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                                      or misjudgments in Iraq. According to the President, ‘‘We had an
                                      accountability moment, and that’s called the 2004 elections.’’
                                         Dr. Rice, I hope that you, as Secretary of State—and I’m con-
                                      fident you will be confirmed Secretary of State, and I plan on vot-
                                      ing for you as Secretary of State—I hope you will demand account-
                                      ability from the people who serve you if, heaven forbid, they mis-
                                      serve you to the extent that our country has been, in my view, mis-
                                      served in Iraq. This is not about punishing people or embarrassing
                                      the President; it’s about learning from our mistakes so we don’t re-
                                      peat them. And a second term is also a second chance, and I hope
                                      the President will seize it. I hope he will seize it, quite frankly, by
                                      rejecting the neo-conservative notion about how we are going to, in
                                      fact, secure Iraq and the Middle East.
                                         So I hope we can start leveling today. We’d like to hear how you
                                      see the road ahead in Iraq. What should the American people ex-
                                      pect about what we can achieve, and when we can hope to achieve
                                      it, and how we are going to succeed? I, for one, want to work with
                                      you toward success, but I hope you’ll not give Wolfowitz answers
                                      by saying, ‘‘It is unknowable.’’ There’s a whole heck of a lot that
                                      is knowable.
                                         Iraq is an overwhelming issue. And this administration, like its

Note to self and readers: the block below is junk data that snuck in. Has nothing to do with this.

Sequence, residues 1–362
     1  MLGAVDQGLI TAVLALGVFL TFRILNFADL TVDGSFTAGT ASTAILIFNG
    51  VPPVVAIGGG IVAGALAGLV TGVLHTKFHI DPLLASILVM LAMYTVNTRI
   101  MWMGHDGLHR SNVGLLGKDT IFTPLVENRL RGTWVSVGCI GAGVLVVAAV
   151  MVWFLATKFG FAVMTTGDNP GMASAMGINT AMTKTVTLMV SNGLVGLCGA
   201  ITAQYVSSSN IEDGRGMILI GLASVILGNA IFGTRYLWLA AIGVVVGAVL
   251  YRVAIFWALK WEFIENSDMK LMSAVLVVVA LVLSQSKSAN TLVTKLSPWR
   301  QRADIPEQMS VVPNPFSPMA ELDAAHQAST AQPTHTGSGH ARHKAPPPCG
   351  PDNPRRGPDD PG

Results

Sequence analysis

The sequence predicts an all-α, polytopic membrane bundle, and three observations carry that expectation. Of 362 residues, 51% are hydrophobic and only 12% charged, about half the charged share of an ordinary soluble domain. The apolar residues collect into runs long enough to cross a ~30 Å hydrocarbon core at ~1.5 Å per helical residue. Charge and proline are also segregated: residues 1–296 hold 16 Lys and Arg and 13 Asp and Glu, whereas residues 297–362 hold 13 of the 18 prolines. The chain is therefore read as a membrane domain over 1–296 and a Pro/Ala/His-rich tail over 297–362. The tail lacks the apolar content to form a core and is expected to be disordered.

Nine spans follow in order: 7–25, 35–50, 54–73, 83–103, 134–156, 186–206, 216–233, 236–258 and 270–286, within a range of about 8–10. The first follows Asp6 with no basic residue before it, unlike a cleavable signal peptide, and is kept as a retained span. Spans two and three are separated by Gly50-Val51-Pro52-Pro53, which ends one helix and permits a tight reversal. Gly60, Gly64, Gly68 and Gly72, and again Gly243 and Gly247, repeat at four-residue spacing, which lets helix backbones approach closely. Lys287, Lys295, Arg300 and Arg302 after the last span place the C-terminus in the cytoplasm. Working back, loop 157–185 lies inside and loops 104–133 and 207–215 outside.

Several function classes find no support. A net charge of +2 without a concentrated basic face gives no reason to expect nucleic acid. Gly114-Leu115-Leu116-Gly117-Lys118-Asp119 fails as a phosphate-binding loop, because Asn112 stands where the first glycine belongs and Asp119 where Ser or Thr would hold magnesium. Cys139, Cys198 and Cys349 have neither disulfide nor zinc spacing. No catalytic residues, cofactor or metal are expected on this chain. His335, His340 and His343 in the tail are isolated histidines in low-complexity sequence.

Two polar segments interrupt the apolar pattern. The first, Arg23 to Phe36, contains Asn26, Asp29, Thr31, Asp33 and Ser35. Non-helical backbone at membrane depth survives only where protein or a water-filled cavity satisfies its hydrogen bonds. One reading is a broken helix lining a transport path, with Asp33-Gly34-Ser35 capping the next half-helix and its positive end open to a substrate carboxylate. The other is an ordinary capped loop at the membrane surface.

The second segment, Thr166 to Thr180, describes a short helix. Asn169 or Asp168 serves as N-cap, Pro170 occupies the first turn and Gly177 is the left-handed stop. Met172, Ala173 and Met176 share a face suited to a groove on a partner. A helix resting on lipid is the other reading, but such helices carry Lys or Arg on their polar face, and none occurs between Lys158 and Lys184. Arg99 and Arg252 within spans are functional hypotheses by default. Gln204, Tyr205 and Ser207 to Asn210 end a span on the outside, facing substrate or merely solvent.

predecessors and the seven Presidents with whom I’ve served, is
                                      only human. Every major problem winds up on the desk of the
                                      same senior people. The same senior people. Every problem. This
                                      is not a criticism; it’s an observation. It’s not possible—in my expe-
                                      rience of observing seven Presidents up close and personal—to give
                                      every challenge the attention it deserves.
                                         Consequently, it’s understandable that, while we’re focused on
                                      Iraq, other problems remained, if not on the back burner, not get-
                                      ting full attention. But now, some of those pots are boiling over,
                                      starting with the nuclear program in North Korea and Iran, the
                                      dangerous backsliding of democracy in Russia, the genocide in
                                      Sudan, and the lack of focus on public diplomacy, which I hope,
                                      and I expect, you’ll talk about.
                                         Over the past few years, North Korea has increased its nuclear
                                      capacity by as much as 400 percent, and now may have as many
                                      as eight nuclear weapons which it could test, hide, or sell to the
                                      highest bidder. You have said, ‘‘It is unacceptable,’’ for North Korea
                                      to have nuclear weapons. What does that mean? And what do you
                                      propose to do to stop this growing threat?
                                         Over the past few years, the reform movement in Iran has been
                                      literally crushed in front of the whole world. Surrounded by about
                                      200,000 forces, it very openly just reached out and crushed the de-
                                      mocracy movement. So much for the notion of leveraging power.
                                         Over the past four years, things have gotten considerably worse
                                      in Iran, and it’s accelerated its own nuclear program. There may